Patient: Is it better if my living donor is related to me?
Doctor: Yes, it is better to have someone from the family, but if there is a friend who is willing to donate a kidney, we can test them as well.
Patient: Do you do both operations at the same time?
Doctor: If your donor is found to be a compatible donor, it will be set up so we do both operations in the same day.
Patient: What is the donor’s surgery like?
Doctor: The donor’s kidney is removed using laparoscopy. Wetake the kidney out with a minimally invasive procedure so the scars are really small.
Patient: You don’t have to do an open surgery to remove the kidney?
Doctor: Rarely. If there are problems at surgery we will make a larger incision to take the kidney, but this is uncommon. The donor operation lasts about three hours.
Patient’s Wife: Once you remove the kidney from the donor, what happens?
Doctor: Once the kidney is removed, we clean it and then in the other room the other surgeon will be operating on you and will put the kidney inside you.
Patient: What kind of incision will you use on me?
Doctor: The incision is going to be made in the lower part of the abdomen, so it will be hidden beneath your underclothes.
Patient’s Wife: How long does the operation take?
Doctor: Usually the operation lasts between 2-1/2 and 3 hours. In majority of cases, the kidney starts working right away and starts to make urine right away, and hopefully you will not need dialysis any more after that.
Patient: That would be wonderful.
Patient’s Wife: And one kidney, that is enough for him to be healthy?
Patient’s Wife: Will you take out both his kidneys before you transplant the new one?
Doctor: No. Unless there is a reason to take out your kidneys, we leave your kidneys where they are. That is why we put the new kidney lower down.
Patient: So I will have three.
Doctor: Yes, you will have three.
Patient: Is it a painful surgery?
Doctor: When you wake up after surgery, we will give you enough medication so that you are not hurting. When we discharge you home, we will send you with some oral medications to keep you comfortable while you are recovering.
Patient: How long will I be in the hospital?
Doctor: Typically after the operation you will have a catheter for 4-5 days and you would go home in 6-7 days depending on whether the organ is working well
Patient’s Wife: What are the risks of the operation?
Doctor: There are risks related to the operation itself, such as bleeding or clots. The kidney could thrombose, meaning that there is a blood clot in the kidney that might kill the kidney. There could be a leak around the ureter that might require us taking you back to the operating room,. Other general complications include wound infection, clots in the lungs, pneumonia, and general urinary infections, but we take all precautions to make sure the patients don’t get any infections.
Patient: Will there be any restrictions on my diet?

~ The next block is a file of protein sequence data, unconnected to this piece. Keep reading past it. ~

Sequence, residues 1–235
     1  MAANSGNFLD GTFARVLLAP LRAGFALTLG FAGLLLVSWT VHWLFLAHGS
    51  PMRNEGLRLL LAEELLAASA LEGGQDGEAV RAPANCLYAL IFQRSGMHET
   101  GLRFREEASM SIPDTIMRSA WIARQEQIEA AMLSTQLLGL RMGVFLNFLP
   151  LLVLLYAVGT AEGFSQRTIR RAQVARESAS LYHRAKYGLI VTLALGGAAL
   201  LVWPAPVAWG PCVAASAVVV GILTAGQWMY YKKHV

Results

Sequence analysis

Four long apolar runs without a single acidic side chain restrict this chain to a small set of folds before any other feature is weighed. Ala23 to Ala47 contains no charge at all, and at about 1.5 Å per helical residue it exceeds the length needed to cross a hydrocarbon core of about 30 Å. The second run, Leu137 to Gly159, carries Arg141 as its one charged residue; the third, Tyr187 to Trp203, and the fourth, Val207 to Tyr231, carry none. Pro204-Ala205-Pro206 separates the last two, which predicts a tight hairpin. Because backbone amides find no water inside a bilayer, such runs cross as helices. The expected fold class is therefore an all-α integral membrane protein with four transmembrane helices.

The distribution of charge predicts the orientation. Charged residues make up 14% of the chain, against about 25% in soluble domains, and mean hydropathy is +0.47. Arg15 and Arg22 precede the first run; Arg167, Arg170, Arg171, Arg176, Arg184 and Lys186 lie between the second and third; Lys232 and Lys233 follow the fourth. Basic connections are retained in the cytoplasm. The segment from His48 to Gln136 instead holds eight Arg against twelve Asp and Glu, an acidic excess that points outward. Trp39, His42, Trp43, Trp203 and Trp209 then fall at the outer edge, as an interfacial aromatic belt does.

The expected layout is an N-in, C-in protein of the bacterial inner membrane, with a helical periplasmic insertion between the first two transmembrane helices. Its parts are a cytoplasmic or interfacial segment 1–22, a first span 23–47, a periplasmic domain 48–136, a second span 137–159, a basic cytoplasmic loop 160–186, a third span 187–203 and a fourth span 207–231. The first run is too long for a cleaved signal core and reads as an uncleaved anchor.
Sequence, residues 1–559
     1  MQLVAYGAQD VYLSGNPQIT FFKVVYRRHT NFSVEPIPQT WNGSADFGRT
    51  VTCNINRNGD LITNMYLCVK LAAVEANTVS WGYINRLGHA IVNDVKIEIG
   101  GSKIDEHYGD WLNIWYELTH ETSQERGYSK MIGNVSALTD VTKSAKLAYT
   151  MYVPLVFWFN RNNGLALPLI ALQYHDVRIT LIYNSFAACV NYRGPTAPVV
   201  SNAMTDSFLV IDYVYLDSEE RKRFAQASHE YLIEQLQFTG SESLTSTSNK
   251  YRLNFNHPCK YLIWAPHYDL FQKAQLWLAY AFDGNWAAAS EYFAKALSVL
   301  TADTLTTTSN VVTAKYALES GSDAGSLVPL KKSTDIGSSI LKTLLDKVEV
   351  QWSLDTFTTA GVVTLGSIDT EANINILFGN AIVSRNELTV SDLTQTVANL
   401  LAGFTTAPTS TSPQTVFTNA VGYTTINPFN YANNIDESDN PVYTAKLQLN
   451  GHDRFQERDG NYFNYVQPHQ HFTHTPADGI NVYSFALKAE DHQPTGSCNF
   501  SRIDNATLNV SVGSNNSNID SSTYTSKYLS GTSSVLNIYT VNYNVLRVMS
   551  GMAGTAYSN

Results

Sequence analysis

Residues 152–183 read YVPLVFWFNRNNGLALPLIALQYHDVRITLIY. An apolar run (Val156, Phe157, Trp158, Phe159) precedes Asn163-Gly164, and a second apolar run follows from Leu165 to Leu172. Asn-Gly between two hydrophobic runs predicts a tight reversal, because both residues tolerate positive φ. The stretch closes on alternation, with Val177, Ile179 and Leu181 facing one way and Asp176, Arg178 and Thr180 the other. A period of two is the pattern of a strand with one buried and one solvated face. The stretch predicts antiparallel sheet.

Doctor: There are some restrictions during the first week after the surgery because you are recovering from a big operation. After that, you will be able to eat whatever you want.
Patient: If the transplant is successful, what can I expect as far as how I will be feeling?
Doctor: In general, if the transplant is successful, you will be near normal, provided you continue to take your medicines.
Patient: What medications will I have to take after the surgery?
Doctor: While you are in the hospital, and you are recovering, the nurses will go over with you all the medications and precautions you will need to take. We will want to make sure your blood pressure is appropriate, make sure you have a blood pressure cuff at home and that you can measure your blood pressure regularly at home. You will be taking anti-rejection pills.
Patient: I have a blood pressure monitor and I know how to use it.
Doctor: Good. The nurses will also go over all the medications that you are supposed to take. We want to make sure that you take your medications on time. Typically you will be taking 6-7 types of pills when you are discharged from the hospital. Three months after the operation, you will probably be down to about 4-5 types of pills. We expect you to continue taking those medications and be available to make changes when we call you with your lab tests.
Patient: How often do I need to have the lab tests?
Doctor: You will be coming in to see us twice a week for blood tests so we can monitor your anti-rejection medications.
Patient: And if I have a living donor, what will it be like for them?
Doctor: Most patients from a donor operation go home in about 2-3 days and are back to work in about 3-4 weeks. Your donor will be monitored at one week, two weeks, six weeks, then six months and one year just to make sure that the donor operation went fine and there are no problems with the donor operation.
Patient: And I will be monitored for the rest of my life.
Doctor: Yes, the recipient is monitored lifelong. It is a long-term relationship. We have to make sure the kidney is working well. If you have a nephrologist in the community, we will be discharging you to your nephrologist in three months’ time, but we will bring you back in for periodic checks.
Patient: What are the side effects of the medications I would have to take after the transplant?
Doctor: Some of the side effects of the anti-rejection medications include loss of hair, which is reversible. The medication could affect your kidney, and we make sure that we give you just the right amount so it does not hurt your kidney. Sometimes patients get infections, and sometimes long-term patients can get tumors because of the anti-rejection medications, but that is rare. That is why we monitor you very closely.
Patient: What is the success rate of the operation?
Doctor: It is very good, the 1-year survival rate is about 90%, and 5-year survival, is about 80%.
Patient: I would definitely like to proceed with this surgery, and have my brother and my friends evaluated as possible donors.
Doctor: Good. My coordinator will contact you to set those things up. If you have any further questions at all, please do not hesitate to call me.
Patient: Thank you very much, Doctor.
See Kidney Transplant Program at UC San Diego Health System